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ive seen functions passing pointers in their parameters and they are common in dynamic use executing different functions after afew steps. However i came across this representation in a header file:

void *allocate_mem(u_int32_t n);

Any clue to how it is to be used? Is the function a pointer or does it return a pointer?

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Please use cdecl.org whenever you have questions like this... entering void *allocate_mem(u_int32_t), we get declare allocate_mem as function (u_int32_t) returning pointer to void –  oldrinb Aug 19 '12 at 14:35
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Also, I suggest you see §6.3.2.3.1 of the C99 standard... A pointer to void may be converted to or from a pointer to any incomplete or object type. A pointer to any incomplete or object type may be converted to a pointer to void and back again; the result shall compare equal to the original pointer. –  oldrinb Aug 19 '12 at 14:38
    
See also malloc –  Paul R Aug 19 '12 at 15:00
    
cdecl.org => "face palm myself" –  ryantata Aug 19 '12 at 15:10
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3 Answers 3

up vote 4 down vote accepted

See my comments.

Please use cdecl.org whenever you have questions like this... entering void *allocate_mem(u_int32_t), we get the following.

declare allocate_mem as function (u_int32_t) returning pointer to void.

So, we know allocate_mem returns void *. Now, you're probably wondering why you would ever want a pointer to void...

§6.3.2.3.1 of the C99 standard states as follows.

A pointer to void may be converted to or from a pointer to any incomplete or object type. A pointer to any incomplete or object type may be converted to a pointer to void and back again; the result shall compare equal to the original pointer.

Thus you can convert the result of allocate_mem to fit your needs, e.g.

float *data = allocate_mem(1024 * sizeof(float))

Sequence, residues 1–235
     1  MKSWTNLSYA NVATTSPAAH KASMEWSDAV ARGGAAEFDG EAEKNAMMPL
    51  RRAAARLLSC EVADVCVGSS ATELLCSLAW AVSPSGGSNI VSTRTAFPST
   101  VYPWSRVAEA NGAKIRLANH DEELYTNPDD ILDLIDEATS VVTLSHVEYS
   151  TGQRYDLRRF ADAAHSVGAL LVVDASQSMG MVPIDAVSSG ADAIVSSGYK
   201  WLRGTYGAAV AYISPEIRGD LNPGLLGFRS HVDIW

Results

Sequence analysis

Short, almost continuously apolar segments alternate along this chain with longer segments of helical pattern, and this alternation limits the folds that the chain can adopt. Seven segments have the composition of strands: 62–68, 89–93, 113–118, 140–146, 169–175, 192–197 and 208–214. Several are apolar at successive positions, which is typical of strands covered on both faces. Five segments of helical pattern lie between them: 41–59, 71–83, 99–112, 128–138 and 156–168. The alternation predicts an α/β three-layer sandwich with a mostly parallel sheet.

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+1 for quoting the C99 standard. Man, how so I miss working in C/C++ :( –  verisimilitude Aug 19 '12 at 15:01
    
This is really awesome.. thanks :) the cdecl.org also help a ton!!! –  ryantata Aug 19 '12 at 15:12
    
+1, just a little nitpick for your vocabulary in the second last line: what you describe here is an (implicit) conversion and not a cast. A cast in C jargon is an "explicit conversion". –  Jens Gustedt Aug 19 '12 at 15:22
    
@JensGustedt right, right. :-p –  oldrinb Aug 19 '12 at 15:36
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The function returns a pointer to the new memory allocated.

The return type is a void*, the reason being that the function doesn't know what you want to use it for.

If you want to use it as an array of integers, you would cast it to an int*

eg.

int *p = allocate_mem(4*10);

The argument is the size (bytes) of memory that needs to be allocated. Therefore, allocating 40 bytes for 4-byte integers makes an array of ten 4-byte integers.

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don't cast the return of allocation functions. void* converts to any object pointer type all by itself. –  Jens Gustedt Aug 19 '12 at 15:23
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A void * is a pointer to something. What it points to is not known, but the idea is for it to work as sort of a neutral pointer. A void* param can take any kind of pointer type. However great care needs to be taken while handling these pointers as they come with their own set of limitations. You cannot dereference a void* it has to be cast to a valid type. The same goes with applying pointer arithmetic.

Refer this discussion for more details - C - pointers in functions and void variable type?

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